CAS  Article  PubMed  PubMed Central  Google Scholar 

  • Lash-Van Wyhe, L. L., Postila P. A., Tsubone, K., Sasaki, M., Pentikäinen, O. T., Sakai, R. & Swanson, G. T. Pharmacological activity of C10-substituted analogs of the high-affinity kainate receptor agonist dysiherbaine. Neuropharmacology. 58, 640–649 (2010).

    Article  CAS  PubMed  Google Scholar 

  • Postila, P. A., Swanson, G. T. & Pentikäinen, O. T. Exploring kainate receptor pharmacology using molecular dynamics simulations. Neuropharmacology. 58, 515–527 (2010).

    CAS  Article  PubMed  Google Scholar 

  • Postila, P. A., Ylilauri, M. & Pentikäinen, O. T. Full and partial agonism of ionotropic glutamate receptors indicated by molecular dynamics simulations. J. Chem. Inf. Model. 51, 1037–1047 (2011).

    CAS  Article  PubMed  Google Scholar 

  • Ylilauri, M. & Pentikäinen, O. T. Structural mechanism of N-methyl-D-aspartate receptor type 1 partial agonism. PLoS ONE, 7, e47604 (2012).

    CAS  Article  ADS  PubMed  PubMed Central  Google Scholar 

  • Kruse, A. C., Hu, J., Pan, A. C., Arlow, D. H., Rosenbaum, D. M., Rosemond, E., Green, H. F., Liu, T., Chae, P. S., Dror, R. O., Shaw, D. E., Weis, W. I., Wess, J. & Kobilka, B. K. Structure and dynamics of the M3 muscarinic acetylcholine receptor. Nature. 482, 552–556 (2012).

    CAS  Article  ADS  PubMed  PubMed Central  Google Scholar 

  • Orłowski, A., Grzybek, M., Bunker, A., Pasenkiewicz-Gierula, M., Vattulainen, I., Männistö, P. T. & Róg, T. Strong preferences of dopamine and l-dopa towards lipid head group: importance of lipid composition and implication for neurotransmitter metabolism. J. Neurochem. 122, 681–690 (2012).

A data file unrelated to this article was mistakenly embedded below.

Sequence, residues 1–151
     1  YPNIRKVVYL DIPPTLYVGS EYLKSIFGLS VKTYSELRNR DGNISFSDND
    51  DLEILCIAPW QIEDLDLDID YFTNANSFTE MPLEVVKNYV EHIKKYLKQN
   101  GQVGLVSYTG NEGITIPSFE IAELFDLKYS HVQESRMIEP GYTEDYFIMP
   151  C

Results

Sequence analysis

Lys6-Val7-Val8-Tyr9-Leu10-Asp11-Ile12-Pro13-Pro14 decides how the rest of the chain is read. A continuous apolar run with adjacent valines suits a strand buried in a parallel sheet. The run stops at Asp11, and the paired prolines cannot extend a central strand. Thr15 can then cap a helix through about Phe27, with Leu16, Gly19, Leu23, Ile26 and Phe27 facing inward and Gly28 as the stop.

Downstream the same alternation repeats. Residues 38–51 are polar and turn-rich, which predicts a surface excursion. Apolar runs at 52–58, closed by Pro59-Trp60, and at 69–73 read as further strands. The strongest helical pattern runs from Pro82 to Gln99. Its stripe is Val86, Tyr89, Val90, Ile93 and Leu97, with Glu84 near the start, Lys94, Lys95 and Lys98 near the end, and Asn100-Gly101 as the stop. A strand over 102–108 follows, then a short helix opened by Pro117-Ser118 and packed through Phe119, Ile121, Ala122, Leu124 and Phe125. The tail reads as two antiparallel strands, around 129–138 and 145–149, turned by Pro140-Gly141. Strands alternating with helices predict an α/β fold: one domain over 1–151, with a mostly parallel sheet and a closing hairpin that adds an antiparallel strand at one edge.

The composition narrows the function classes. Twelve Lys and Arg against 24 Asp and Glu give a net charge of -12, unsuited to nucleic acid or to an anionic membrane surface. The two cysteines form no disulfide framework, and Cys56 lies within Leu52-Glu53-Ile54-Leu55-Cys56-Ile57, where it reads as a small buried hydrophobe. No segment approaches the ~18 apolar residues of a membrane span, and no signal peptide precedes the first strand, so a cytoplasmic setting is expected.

Article  CAS  PubMed  Google Scholar 

  • Jodko-Piorecka, K. & Litwinienko, G. First experimental evidence of dopamine interactions with negatively charged model biomembranes. ACS Chem. Neurosci. 4, 1114–1122 (2013).

    CAS  Article  PubMed  PubMed Central  Google Scholar 

  • Wang, C., Ye, F., Velardez, G. F., Valardez, G. F., Peters, G. H. & Westh, P. Affinity of four polar neurotransmitters for lipid bilayer membranes. J. Phys. Chem. B. 115, 196–203 (2011).

    CAS  Article  PubMed  Google Scholar 

  • Peters, G. H., Werge, M., Elf-Lind, M. N., Madsen, J. J., Velardez, G. F. & Westh, P. Interaction of neurotransmitters with a phospholipid bilayer: a molecular dynamics study. Chem. Phys. Lipids. 184, 7–17 (2014).

    CAS  Article  PubMed  Google Scholar 

  • Peters, G. H., Wang, C., Cruys-Bagger, N., Velardez, G. F., Madsen, J. J. & Westh, P. Binding of serotonin to lipid membranes. J. Am. Chem. Soc. 135, 2164–2171 (2013).